Our community is facing a crisis, most recently evidenced by the Karen Okada case. The local news recently exposed this crisis, reporting that Ms. Okada made a living will in 1998 where she stated that she did not want her life to be “artificially prolonged” at “end of life.” The Queen’s Medical Center clinicians diagnosed Ms. Okada as being in a persistent end-of-life vegetative state, and that the feeding tube should be removed in accordance with her wishes. Ms. Okada’s family, however, felt differently and did not want the feeding tube removed. This case ended up in court, making this very private family matter public. The crisis lies in the fact that many people, such as the Okada family, are not prepared for the end-of-life process. Unfortunately, as a result, patients’ dying wishes are often not upheld and many family members experience anxiety, depression and regret during and after the loved one’s death.

Statistics reveal that only about 25 percent of adults ever make an end-of-life decision. Consequently, many family members suffer from post traumatic stress because they feel as though they were responsible for making the end-of-life decision for their loved one. Some experience conflict with other family members as ideas about care differ, while others suffer because they were not clear as to what their loved one’s wishes were about end of life.

For those clients who do document their decisions, only about 30 percent of advance directives are honored by family members and medical facilities.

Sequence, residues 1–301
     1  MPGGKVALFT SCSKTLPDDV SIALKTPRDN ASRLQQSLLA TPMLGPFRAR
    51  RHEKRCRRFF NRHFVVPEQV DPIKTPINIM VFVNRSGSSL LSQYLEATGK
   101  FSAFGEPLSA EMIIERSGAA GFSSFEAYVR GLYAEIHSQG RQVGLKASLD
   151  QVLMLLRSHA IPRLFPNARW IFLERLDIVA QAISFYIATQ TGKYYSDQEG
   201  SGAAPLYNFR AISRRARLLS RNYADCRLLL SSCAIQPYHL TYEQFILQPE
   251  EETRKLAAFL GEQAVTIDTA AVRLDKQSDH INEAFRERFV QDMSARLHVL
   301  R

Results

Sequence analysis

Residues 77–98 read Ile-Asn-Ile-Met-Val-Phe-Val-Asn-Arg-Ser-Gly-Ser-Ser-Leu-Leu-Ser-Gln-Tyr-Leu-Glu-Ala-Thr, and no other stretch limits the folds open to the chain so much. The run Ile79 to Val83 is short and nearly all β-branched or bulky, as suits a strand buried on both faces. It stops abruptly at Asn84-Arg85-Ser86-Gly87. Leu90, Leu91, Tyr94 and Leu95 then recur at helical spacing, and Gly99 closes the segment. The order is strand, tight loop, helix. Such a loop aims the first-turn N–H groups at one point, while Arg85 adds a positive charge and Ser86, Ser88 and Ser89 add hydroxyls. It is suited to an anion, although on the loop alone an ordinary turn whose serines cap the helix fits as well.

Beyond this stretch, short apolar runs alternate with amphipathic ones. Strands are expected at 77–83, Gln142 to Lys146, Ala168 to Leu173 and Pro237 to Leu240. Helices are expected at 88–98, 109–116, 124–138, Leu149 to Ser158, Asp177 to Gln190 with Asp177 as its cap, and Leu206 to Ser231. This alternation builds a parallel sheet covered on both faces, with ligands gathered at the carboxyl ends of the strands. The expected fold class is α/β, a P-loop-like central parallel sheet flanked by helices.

While filing an Advance Health Care Directive in your medical chart is recommended, the medical community and legal community must ensure that patients and clients will receive:

  • dignity, respect and quality care
  • comfort and peace of mind that their choices will be honored
  • help though the end-of-life process, with the least amount of stress and anxiety as possible

It is time for our community to come together and offer an Advance Care Planning system where:

  • information is shared so that clients can make informed decisions
  • choices are discussed with loved ones, care providers and legal advisors
  • decisions are documented and stored so that they are easily retrievable when necessary
  • plans are viewed as a process and revisited from time to time

Statistics from communities that have adopted this type of planning are positive. Close to 90 percent of the patients made an Advance Health Care Directive, and 86 percent of the directives were honored by family and medical facilities.

Encourage our community leaders — medical, legal and financial professionals, business leaders, educators, the political and spiritual leaders, and non-profit organizations—to work together to create a uniform advance care planning process for all of Hawaii.